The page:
The area of today’s Bulgaria was part of the historical Thrace landscape in ancient times. Of the Thracian tribes known from Greek written sources, the Triballians settled in western Bulgaria and eastern Serbia, the Serds in the area around Sofia, the Odryses around Stara Sagora and the Bessen in the eastern Rhodope Mountains. Since the 7th century BC The Thracians were culturally influenced and partially Hellenized by the Greek trading ports on the Black Sea and Aegean coasts. Around 450 BC The empire of the Odryses was formed in the territory of Bulgaria and was able to assert itself against the Greeks and Macedonians; neither Philip II of Macedonia, who owned the region in 342 BC. Chr. Conquered, even later his son Alexander the Great or the Diadoche Lysimachus in the early 3rd century BC BC brought the area under their full control. New immigrants were around 300 BC. Celtic ethnic groups with the center Tylos (on the Tundscha); they followed in the 2nd century BC. The Germanic Bastarnen and finally the Romans, the 29-28 BC. BC parts of Thrace conquered. In 45/46 AD the entire Thracian heartland finally came under Roman rule. The areas southeast of the line Sofia-Plovdiv were now on the province Thracia, the area north and west of this line with the province of Moesia (later divided several times, Moesia). Trajan secured the conquest through a Limes along the Danube and through the Dobrudscha (Trajan’s Wall). The population, now of very different origins, was partly Romanised. After the division of the Roman Empire in 395, the Thracian area came under the Eastern Roman (Byzantine) Empire. After devastation by the Goths and Huns, first forays by Proto-Bulgarian horsemen (since 491, several times in the first half of the 6th century) and the temporary supremacy of the Avars Slavs immigrated from the end of the 5th century and assimilated the local Thracian tribes. This ended the continuity of antiquity. After 675, the area came under the rule of the Turkic proto- Bulgarians, who at the end of the 6th century had been merged by Khan Kuvrat in the steppe zone around the Sea of Azov to form a tribal group “Greater Bulgaria”. After his death, part of it penetrated to the mouth of the Danube.
Bulgaria under Turkish rule (1396–1878)
According to educationvv, the conquered Bulgaria was subordinated to the Beglerbeg of Rumelia with the seat (until 1836) in Sofia and divided into five sanjaks (Widin, Nikopol, Silistra, Macedonia, Thrace). The population losses were to be compensated for by the settlement of Anatolian colonists and the semi-nomadic Jürüken (cattle breeders from Asia Minor). The local nobility was socially and economically leveled and replaced by Turkish spahis (timar system); the entire population was heavily taxed and encouraged to change beliefs (Pomaken), partly also violently Islamized. Since the higher clergy consisted almost exclusively of Phanariots and Greek had become the language of the liturgy, the clergy of the Bulgarian Orthodox Church was graced; the lower clergy and the monasteries developed into cells of national resistance. After the suppression of an uprising in northern Bulgaria (with the participation of Mirceas the Elder) in 1404, the Battle of Varna In 1444 and the capture of Constantinople by the Turks (1453) there was no longer any hope of a quick end to Turkish rule. With the exception of the economic contacts running through Ragusa, external relations were almost completely broken down. The endeavors of the Turkish Spahi warriors to transfer their service loans to large hereditary estates worsened the material situation of the Bulgarian peasants. The decline of the Ottoman Empire and the unsuccessful wars against the Habsburgs sparked local uprisings in Tarnowo (1598 and 1686), Gabrovo (1686), and Tschiprowez (1688 and 1737/38), which – just like the actions of the Heiducken - were bloodily knocked down. At the end of the 17th and beginning of the 18th centuries, many Bulgarians therefore sought refuge in the neighboring Danube principalities and in the Danube Monarchy.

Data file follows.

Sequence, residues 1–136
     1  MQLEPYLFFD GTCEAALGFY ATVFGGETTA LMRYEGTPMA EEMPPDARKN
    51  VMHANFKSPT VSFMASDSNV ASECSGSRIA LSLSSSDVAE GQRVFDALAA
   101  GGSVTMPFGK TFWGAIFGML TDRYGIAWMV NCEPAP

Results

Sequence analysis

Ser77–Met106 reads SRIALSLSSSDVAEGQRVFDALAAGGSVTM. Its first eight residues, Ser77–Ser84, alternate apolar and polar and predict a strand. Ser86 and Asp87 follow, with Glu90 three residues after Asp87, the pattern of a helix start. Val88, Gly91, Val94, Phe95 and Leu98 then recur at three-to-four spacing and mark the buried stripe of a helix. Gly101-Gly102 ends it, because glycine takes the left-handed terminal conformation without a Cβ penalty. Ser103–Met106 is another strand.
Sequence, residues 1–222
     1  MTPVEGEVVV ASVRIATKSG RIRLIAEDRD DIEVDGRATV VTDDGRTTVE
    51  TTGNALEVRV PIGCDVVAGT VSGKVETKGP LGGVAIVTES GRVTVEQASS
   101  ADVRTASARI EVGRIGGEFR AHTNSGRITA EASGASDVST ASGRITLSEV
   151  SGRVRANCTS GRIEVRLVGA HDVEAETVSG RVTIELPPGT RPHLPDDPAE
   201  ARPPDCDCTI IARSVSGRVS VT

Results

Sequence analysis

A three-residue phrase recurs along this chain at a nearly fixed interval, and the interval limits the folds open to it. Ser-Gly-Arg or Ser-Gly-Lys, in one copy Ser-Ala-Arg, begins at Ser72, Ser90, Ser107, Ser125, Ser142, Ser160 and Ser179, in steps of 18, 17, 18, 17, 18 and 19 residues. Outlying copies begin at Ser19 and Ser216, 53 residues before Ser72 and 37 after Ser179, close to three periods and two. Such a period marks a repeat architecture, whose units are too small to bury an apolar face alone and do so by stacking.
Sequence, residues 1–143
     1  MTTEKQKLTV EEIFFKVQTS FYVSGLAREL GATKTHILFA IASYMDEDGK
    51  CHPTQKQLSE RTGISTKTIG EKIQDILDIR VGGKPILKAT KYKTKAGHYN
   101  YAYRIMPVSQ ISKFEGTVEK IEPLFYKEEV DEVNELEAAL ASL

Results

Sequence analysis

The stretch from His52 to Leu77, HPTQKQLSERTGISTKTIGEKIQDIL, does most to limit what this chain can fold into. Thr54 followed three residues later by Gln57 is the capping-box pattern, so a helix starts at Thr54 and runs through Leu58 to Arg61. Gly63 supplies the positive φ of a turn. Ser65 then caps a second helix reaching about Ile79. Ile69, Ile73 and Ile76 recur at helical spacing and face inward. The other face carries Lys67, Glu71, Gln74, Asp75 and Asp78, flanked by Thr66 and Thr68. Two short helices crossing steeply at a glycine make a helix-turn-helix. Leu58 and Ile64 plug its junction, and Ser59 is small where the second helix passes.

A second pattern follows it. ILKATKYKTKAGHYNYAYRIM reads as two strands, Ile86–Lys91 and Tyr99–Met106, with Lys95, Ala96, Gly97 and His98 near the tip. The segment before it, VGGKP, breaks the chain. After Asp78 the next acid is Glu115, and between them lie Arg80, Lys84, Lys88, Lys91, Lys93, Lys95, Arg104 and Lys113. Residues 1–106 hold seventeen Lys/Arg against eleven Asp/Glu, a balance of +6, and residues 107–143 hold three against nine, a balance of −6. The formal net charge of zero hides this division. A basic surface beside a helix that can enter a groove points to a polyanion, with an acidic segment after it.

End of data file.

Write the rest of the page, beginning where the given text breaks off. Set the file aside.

The economic upswing that began in the 18th century with strong population growth favored the national revival, which was boosted by the »Slavic-Bulgarian history« of the Athos monk Paissi of Chilendar, which ended in 1762, and the Russo-Turkish War of 1768–74; In 1835 the first secular Bulgarian school was opened in Gabrovo. The freedom struggle of the Serbs (1804-17) and Greeks (1821-29), supported by Russia, as well as the inner-Ottoman reforms strengthened the national movement, which also supported the rebellious peasants (1835, 1841, 1850) in the struggle for a national Bulgarian church. Emigrants from Wallachia and Russia prepared the national uprising. In 1861 G. Rakowski organized the First Bulgarian Legion in Belgrade and in 1862 tried to organize the Heiducken to fight the Turks. In Bucharest, W. Levski and L. Karawelow founded a Bulgarian Revolutionary Central Committee based on the model of the Russian Narodniki and, in 1868, a Bulgarian Society. The establishment of the Bulgarian Exarchate in Constantinople (1870), despite many setbacks, further increased the desire for national freedom and the unification of the Bulgarian territories. The April uprising of 1876, at which a. C. Botew participated, could be bloodily suppressed by the Turks (»Bulgarian horror«), but the Russo-Turkish War in 1877/78 ended the Turkish rule (including participation of Bulgarian irregulars in the battle of Pleven and on the Shipka Pass).